Cases in which UFOs and their entities vanish without explanation, in violation of the laws of physics, are numerous. Unable to go into detail, and in order to present a partial list of these cases to put forth some hypotheses suggested by these events, it is important to seek their final elucidation within the scientific framework, as the phenomenon richly deserves. A statistical study on worldwide sightings made by Dr. Claude Poher in 1973 revealed that the sudden disappearance of the phenomenon takes place in 7% of the sightings.

Other more recent lines of thought lean toward a parapsychological explanation for UFOS, which is rather acceptable in interpreting this peculiar aspect of the phenomenon under discussion. This can be seen in through the ghostly nature of their disappearances, linked to such phenomena as teleplasty and telepathic projection or hallucinations.

The science writer Pierre Devaux believes that it is possible to believe in teleplasty, which explained by the law of ideoplasty, which can be formulated thus: everything that the medium thinks, everything it represents, tends to occur through long-distance actions or materializations, called “targeted dreams”. These fantastic creations, therefore, would be objective projections of what an individual carries within him or herself. Ectoplasm would be the constituent material – a physical extension of the subject, a fluidic, psychic substance. In the opinion of Sudre, it would be possible for this fluid to materialize, charging itself with atmospheric gases, perhaps even organic material. The substance manifests as a luminous fog, moving onto an organized phase, whose dematerialization occurs in the same way.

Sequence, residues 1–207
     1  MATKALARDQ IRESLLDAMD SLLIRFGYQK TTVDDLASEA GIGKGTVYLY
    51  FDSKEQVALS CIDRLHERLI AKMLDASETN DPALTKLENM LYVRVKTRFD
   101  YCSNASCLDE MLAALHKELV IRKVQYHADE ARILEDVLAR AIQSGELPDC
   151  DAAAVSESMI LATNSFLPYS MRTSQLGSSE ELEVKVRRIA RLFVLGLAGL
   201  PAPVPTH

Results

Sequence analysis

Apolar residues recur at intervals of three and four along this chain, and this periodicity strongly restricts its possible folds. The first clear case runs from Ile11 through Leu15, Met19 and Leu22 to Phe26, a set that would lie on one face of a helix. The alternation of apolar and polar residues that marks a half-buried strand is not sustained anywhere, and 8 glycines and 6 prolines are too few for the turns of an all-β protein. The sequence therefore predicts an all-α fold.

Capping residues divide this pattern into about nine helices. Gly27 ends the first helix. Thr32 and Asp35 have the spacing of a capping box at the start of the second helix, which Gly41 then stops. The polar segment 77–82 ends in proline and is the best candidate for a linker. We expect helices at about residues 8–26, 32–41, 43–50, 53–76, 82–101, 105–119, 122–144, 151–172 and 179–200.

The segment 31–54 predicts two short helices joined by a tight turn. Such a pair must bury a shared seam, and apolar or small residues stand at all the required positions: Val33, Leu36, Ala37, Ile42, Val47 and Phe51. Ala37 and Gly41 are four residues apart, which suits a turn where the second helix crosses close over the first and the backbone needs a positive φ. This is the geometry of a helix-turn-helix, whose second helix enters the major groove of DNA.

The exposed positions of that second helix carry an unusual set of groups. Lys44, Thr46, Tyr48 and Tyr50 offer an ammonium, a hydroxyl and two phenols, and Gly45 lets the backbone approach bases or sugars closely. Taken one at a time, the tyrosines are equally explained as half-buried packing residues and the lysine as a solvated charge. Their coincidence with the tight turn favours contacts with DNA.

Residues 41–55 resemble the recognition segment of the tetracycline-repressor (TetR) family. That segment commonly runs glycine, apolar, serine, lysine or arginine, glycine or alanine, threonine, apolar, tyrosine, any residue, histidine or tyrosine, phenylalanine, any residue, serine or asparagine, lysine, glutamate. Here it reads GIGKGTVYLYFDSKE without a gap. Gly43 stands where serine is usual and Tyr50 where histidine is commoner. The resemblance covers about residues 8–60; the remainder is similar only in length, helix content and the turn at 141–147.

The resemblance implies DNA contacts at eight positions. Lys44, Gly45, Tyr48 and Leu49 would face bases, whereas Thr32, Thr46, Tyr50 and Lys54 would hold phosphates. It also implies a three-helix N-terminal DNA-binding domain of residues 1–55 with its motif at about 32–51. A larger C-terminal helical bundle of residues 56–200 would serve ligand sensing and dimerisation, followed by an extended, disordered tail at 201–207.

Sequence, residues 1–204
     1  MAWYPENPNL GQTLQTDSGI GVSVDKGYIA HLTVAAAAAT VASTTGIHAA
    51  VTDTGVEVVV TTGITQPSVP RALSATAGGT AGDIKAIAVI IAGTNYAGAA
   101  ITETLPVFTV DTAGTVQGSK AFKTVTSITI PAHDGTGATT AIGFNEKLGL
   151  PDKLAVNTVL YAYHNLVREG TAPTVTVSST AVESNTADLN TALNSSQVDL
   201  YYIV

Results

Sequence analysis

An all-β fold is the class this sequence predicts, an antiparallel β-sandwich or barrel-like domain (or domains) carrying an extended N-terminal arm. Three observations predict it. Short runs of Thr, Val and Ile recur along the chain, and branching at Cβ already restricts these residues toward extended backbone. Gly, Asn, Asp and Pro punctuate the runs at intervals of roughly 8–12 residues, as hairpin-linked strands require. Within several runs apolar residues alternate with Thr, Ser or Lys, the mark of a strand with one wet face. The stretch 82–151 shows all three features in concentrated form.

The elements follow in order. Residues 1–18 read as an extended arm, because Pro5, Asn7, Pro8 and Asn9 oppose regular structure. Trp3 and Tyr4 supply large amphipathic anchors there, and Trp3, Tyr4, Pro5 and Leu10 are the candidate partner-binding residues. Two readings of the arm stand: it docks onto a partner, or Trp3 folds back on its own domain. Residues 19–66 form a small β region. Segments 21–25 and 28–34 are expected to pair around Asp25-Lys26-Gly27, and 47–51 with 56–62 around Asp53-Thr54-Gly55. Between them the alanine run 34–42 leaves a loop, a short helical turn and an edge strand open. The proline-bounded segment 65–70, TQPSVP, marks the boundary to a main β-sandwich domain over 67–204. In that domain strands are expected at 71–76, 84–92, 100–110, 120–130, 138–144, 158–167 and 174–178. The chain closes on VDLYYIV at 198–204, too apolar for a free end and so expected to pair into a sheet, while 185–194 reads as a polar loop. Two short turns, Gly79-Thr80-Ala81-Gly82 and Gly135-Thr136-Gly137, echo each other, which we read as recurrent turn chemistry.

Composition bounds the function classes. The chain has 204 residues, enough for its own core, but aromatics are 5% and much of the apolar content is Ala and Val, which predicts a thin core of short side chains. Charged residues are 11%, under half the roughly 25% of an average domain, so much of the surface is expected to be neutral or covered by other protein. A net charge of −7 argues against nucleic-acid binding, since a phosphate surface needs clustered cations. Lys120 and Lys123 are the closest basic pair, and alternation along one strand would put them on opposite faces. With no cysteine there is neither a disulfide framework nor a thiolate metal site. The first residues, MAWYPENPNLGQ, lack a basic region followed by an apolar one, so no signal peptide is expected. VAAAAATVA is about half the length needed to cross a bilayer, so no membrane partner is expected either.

Nevertheless, the most common ghostly images respond to the so-called telepathic hallucinator. It is “objective” to a certain extent, since it does not take place only within the subject’s spirit, but also in the agent, who has sent it toward a specific target. The phenomenon then inserts itself into our three-dimensional reality.
In the enormous mass of telepathic hallucinations that have been catalogued to date, most have occurred involuntarily, that is to say, though the mechanism of the unconscious. Therefore, unconscious projection of UFOs could arise from the symbolism given to it.

I must make reference here to the Swiss psychologist Carl Jung, when he states that situations of collective anguish or a vital need of the soul could generate spontaneous psychic visions created in the dark chasms of the mind. The unconscious would then appeal for resources with which to make its content perceptible and projectable. Arising from this emotion, the “mandala” shape would come about, symbolizing totality, which in Sanskrit means “circle”. This symbol exists in the collective unconscious, being part of the common content, an archetype transmittable not only by tradition and migration, but also by inheritance – a latent form in the general substrate of the mind that transcends all differences in culture and conscience. It is a primitive image accompanied by vivid affective nuances.